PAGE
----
While there is no escaping the fact that there are problems with the scripting and structure, the movie does have positives. A glance at the cast list alone ought to attest to that. Robert Mitchum tops the bill as the newsman who claims to believe in little, to have seen too much, yet who experiences something of a spiritual or ethical reawakening. The seeds of a compelling character arc are certainly present but, once again, it’s never given the attention it ought to have received. Mitchum only seems truly involved emotionally in the latter stages, when the effects of the relationship with Gia Scala and the subsequent turn of events become clear. It arrives late and I’m not convinced it’s fully earned. While Gia Scala herself is fine as the village girl who gets under his skin, the romance that grows up between them is a half-hearted one at best. That entire section of the movie should provide the emotional core that supports the final act but the combination of the slowing down of the plot and that slightly lackluster romance weakens it.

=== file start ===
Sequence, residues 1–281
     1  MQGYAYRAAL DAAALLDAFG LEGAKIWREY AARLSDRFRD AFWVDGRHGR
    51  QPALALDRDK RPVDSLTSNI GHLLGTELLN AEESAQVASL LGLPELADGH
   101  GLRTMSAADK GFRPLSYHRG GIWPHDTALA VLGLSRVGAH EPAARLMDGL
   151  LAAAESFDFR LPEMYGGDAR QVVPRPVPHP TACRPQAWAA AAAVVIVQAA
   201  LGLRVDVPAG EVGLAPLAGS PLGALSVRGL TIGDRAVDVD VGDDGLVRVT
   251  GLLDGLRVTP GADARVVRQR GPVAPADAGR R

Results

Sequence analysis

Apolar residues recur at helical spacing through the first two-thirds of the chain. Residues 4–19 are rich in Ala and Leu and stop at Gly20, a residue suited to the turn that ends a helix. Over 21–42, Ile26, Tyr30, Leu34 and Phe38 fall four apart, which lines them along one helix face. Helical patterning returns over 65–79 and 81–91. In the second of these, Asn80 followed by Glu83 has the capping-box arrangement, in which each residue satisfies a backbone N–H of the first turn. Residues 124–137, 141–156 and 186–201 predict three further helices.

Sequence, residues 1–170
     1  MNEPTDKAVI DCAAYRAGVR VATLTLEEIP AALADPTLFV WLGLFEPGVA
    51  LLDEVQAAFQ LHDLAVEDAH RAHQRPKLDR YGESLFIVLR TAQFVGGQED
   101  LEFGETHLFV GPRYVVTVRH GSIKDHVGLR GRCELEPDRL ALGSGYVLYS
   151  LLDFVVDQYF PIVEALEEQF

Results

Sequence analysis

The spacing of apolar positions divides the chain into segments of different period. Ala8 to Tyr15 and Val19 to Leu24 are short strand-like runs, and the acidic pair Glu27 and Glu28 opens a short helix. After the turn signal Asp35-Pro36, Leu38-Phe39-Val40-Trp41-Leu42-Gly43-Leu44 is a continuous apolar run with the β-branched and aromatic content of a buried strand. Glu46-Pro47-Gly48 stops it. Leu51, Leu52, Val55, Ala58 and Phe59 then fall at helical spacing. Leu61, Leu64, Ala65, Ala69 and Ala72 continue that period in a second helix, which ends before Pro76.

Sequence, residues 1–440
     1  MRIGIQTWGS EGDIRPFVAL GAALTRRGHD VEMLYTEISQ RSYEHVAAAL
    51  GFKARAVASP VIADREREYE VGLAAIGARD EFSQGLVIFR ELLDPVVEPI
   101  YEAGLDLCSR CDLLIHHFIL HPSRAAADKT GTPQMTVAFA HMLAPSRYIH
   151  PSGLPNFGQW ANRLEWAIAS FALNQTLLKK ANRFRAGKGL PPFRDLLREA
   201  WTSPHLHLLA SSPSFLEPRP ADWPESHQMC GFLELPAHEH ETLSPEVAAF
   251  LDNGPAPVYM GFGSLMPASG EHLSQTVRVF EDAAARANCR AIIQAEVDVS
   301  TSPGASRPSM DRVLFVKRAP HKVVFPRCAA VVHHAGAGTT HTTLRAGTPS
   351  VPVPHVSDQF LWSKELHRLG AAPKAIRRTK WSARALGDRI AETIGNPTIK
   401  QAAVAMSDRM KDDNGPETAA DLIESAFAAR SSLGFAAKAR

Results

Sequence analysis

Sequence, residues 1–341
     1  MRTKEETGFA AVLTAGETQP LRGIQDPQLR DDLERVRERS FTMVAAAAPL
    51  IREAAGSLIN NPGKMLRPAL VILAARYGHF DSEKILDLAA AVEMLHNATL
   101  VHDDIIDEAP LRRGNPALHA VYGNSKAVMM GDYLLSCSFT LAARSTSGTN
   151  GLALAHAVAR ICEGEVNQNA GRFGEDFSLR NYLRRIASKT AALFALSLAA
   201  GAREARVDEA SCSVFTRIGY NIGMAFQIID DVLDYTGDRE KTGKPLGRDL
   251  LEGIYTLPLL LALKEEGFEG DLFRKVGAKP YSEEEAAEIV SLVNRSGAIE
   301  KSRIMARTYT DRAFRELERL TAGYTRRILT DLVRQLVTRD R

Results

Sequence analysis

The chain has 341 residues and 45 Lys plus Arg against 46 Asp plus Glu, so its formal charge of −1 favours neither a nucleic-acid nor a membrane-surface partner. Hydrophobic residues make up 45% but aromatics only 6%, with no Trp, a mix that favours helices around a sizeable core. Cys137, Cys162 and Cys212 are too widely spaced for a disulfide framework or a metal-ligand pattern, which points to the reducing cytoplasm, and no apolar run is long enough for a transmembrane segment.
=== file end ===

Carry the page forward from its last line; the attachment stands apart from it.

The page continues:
A starring role for Mitchum is always a draw, even when it’s not all it could be. Something similar could be said for Stanley Baker, who gets a nice meaty part as the conflicted Gestapo chief. It is the type of role that one would expect to be pretty one-dimensional yet it is far from that. Baker had great presence and he could add layers of menace with the most subtle of glances and gestures, but he could also use that finely modulated voice to inject a quiet authority, a hint of warped civility in this case that makes his character all the more fascinating. His Heisler is easily the most interesting character on show, a potentially cartoonish villain invested with much needed depth. Elizabeth Muller is the woman who connects Mitchum and Baker and as such it’s a pivotal role, but neither the writing nor the performance really exploits that. In support, Theodore Bikel is marvelously sinister and corrupt, willing even to use the charms of his sister to further his aims. As that sister, Jocelyn Lane is stunningly attractive and it’s a pity her part wasn’t expanded. Marius Goring flits in and out of the picture  as an effete but dangerous German officer. There are small parts too for both Sebastian Cabot and the recently departed Leslie Phillips, the latter clearly enjoying his view of a surprising (taking into account the era in which the movie was made) and earthily energetic topless cabaret performance by Marita Constantinou.